The Corvallis Riverfront
The banks of the Willamette River were the focus of early town development. The town plat for Marysville was files on February on February 25, 1851, by Joseph C. Avery, using a portion of his land claim of 1845. The town included property from the Willamette River to Fifth Street and from "A" Street (Western Blvd.) to Jackson Avenue. A few months later, William F. Dixon, owner of land north Jackson, extended the town further north along the river. In 1853, the town was renamed Corvallis.
Since the river was a natural transportation route for people and products, entrepreneurs Wayman St. Clair and Eldridge Hartless in 1849 established one of Corvallis' first general stores, facing the river near Jackson Avenue, close to the ferry landing.
With the establishment of steamboat navigation companies in the 1860s, wharves and warehouses sprang up along the river. By the 1870s, according to early resident Henry Gerber, "There were four big warehouses on the river bank, owned by Mr. Avery, Mr. Nicholas, Mr. Cauthorn and Mr. Blair. These were built chiefly for the storing and shipping of wheat."
In 1890, the Benton County Flouring Mills were built on the riverfront between Monroe and Jackson. Flour Mills and grain warehouses remained the principal riverfront businesses until about 1900.
riverbank structures appeared in Corvallis' early industrial zone. The calaboose (city jail) was located on the riverbank just north of Madison Avenue. In 1876, the city sold the jail property to William M. Pittman, who agreed to furnish a tank for the fire department and keep it filled for $50 a year. Pittman and others established a water company there, then moved it to First and Adams, and eventually sold the water works to the city. The tall water tower was the vantage point for many panoramic photos of early Corvallis.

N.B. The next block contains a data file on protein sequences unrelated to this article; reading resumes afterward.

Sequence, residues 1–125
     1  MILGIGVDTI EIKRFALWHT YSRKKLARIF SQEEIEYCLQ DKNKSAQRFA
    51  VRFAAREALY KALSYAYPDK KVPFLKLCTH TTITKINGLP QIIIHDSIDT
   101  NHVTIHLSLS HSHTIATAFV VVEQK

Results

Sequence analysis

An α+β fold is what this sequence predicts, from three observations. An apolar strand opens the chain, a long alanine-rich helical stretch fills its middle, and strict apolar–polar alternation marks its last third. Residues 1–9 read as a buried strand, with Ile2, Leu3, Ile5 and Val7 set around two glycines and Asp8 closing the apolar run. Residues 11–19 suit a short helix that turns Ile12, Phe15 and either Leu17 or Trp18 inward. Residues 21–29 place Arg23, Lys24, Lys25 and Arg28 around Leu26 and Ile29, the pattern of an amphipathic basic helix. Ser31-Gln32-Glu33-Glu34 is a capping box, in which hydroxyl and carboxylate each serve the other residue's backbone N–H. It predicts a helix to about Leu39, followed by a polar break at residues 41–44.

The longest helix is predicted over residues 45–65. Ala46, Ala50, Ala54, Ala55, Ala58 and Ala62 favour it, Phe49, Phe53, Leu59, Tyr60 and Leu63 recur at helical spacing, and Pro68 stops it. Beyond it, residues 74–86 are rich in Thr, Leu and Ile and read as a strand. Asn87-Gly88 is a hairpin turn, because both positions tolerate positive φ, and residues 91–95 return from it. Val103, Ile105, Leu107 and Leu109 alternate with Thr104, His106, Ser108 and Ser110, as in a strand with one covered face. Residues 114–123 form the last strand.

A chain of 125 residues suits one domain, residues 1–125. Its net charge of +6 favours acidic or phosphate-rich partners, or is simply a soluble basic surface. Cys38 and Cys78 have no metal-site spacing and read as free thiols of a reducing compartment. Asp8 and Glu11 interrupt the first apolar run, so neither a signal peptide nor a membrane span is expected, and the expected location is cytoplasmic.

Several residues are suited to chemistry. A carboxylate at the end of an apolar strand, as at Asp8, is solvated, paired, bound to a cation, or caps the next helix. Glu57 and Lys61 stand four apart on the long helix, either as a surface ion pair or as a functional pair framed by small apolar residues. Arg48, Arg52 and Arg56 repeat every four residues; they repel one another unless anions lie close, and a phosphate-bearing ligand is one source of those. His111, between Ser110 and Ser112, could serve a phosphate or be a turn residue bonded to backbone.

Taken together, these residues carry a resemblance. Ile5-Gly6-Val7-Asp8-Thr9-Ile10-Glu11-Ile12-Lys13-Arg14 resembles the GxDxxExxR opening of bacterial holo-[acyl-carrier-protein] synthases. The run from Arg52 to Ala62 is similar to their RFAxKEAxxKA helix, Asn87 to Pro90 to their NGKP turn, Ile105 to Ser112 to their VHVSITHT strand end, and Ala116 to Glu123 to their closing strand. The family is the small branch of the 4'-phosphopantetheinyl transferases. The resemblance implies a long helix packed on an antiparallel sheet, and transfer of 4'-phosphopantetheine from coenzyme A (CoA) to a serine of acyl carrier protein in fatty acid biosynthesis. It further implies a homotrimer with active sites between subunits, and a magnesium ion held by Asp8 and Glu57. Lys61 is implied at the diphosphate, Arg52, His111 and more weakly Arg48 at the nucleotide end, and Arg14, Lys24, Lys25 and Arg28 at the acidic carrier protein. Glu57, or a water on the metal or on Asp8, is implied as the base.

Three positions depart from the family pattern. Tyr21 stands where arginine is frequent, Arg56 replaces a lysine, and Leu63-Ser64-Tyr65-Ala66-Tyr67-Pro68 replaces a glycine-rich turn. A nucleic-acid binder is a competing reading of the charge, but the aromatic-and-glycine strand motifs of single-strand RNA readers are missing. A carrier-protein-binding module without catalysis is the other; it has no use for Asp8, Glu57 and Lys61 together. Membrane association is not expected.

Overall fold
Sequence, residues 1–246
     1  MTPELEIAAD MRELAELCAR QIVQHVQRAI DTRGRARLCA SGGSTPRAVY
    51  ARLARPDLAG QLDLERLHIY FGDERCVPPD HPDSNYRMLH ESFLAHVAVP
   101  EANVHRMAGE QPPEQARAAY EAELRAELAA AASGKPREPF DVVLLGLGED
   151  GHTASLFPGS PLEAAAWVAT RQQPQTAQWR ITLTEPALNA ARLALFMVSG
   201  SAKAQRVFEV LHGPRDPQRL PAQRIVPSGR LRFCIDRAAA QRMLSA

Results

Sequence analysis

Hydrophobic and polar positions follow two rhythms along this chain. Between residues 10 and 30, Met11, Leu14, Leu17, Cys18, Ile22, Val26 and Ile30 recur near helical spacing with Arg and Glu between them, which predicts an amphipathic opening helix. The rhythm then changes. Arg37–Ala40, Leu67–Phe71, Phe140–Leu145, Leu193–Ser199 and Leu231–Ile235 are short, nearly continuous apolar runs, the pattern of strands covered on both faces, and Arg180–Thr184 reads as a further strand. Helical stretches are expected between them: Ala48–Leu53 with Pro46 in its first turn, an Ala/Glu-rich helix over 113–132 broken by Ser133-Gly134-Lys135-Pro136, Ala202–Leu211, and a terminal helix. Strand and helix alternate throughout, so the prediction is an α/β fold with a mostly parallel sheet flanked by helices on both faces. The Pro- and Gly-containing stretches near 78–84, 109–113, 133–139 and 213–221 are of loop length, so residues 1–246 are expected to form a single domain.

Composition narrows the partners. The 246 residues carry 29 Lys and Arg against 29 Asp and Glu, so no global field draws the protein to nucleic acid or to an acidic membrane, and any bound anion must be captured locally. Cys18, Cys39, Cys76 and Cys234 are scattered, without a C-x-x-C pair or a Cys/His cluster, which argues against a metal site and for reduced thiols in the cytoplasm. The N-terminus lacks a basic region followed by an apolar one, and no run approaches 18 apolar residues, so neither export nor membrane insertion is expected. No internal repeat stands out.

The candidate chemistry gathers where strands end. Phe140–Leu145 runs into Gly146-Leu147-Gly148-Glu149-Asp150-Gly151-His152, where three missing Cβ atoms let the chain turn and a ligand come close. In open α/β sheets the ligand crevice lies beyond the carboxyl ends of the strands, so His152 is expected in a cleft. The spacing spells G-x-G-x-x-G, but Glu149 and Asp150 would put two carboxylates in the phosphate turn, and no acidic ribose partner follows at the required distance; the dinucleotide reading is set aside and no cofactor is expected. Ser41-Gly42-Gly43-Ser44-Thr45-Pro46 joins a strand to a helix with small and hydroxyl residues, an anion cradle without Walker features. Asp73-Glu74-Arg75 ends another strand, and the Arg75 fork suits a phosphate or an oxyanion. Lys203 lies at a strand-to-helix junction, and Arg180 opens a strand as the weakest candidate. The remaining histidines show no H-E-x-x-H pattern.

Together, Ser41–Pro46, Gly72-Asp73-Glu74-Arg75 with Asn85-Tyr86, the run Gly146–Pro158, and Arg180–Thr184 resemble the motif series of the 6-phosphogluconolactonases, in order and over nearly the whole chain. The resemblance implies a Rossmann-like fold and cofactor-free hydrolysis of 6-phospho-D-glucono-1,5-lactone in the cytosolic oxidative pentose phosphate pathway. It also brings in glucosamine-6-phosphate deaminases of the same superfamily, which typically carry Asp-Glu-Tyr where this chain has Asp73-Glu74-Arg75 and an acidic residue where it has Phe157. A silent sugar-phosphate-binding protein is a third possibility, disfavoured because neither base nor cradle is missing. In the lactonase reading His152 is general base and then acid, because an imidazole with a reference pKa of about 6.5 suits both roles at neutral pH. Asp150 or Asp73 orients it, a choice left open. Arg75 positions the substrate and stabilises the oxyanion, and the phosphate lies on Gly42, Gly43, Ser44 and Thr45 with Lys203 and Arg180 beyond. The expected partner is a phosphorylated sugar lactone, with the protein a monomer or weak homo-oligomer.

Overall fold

In 1882, John Riley built the Corvallis Brewery near First and Jefferson. North of Van Buren Avenue stood Corvallis' first electricity plant, built in 1890. The Corvallis Creamery Company was established in 1903 on the riverbank just south of Madison Avenue. In 1912, the Corvallis Canning Company was located on the riverbank north of Van Buren Avenue.
The railroads came to Corvallis in the 1880s, and rail spurs serving riverfront properties ran from the Marys River to Tyler Avenue. First Street rail activity ceased in the 1970s, and the last of the rails were removed in 2002, when they were found under the old First Street pavement.
Riverfront sawmills were located at both ends of town. On the riverfront near Polk Avenue, sawmills were in operation between 1854 and 1911. On the south side of town, in 1909, the McCready Brothers founded a
sawmill at the confluence of the Marys and Willamette rivers. It eventually became the Corvallis Lumber Company, a major local employer for many years. The Central Planing Mill, later known as Buxton's, was located where you are standing. For half a century, it manufactured window sashes, doors and custom millwork for homes and college building.
Family homes occupied lots on the town side of First Street (also known as Water Street). An 1893 map shows 20 First Street homes between Tyler Avenue and Western Blvd. These homes gradually gave way to commercial enterprises, and the last First Street homes were removed in 1979.
J.C. Avery platted the town of Marysville in 1851. An Illinois farmer, Avery arrived here in 1845. He had the first store, sawmill and gristmill, and he was one of the incorporators of Corvallis College. Avery's family consisted of his wife, Martha, and eight children. J.C. Avery died in 1876 at the age of 59. Martha lived until 1911 to the age of 87.
William F. Dixon arrived in Oregon in 1845 after making the 6-month journey across the plains with his wife, Julia Ann, and two children. He secured a land claim in 1846 which shared its boundary with J.C. Avery's land claim. Shortly after Avery platted the town of Marysville, Dixon platted an adjacent portion of his land. The two plats were the beginning of the town.
He set up his business here as a cabinet maker.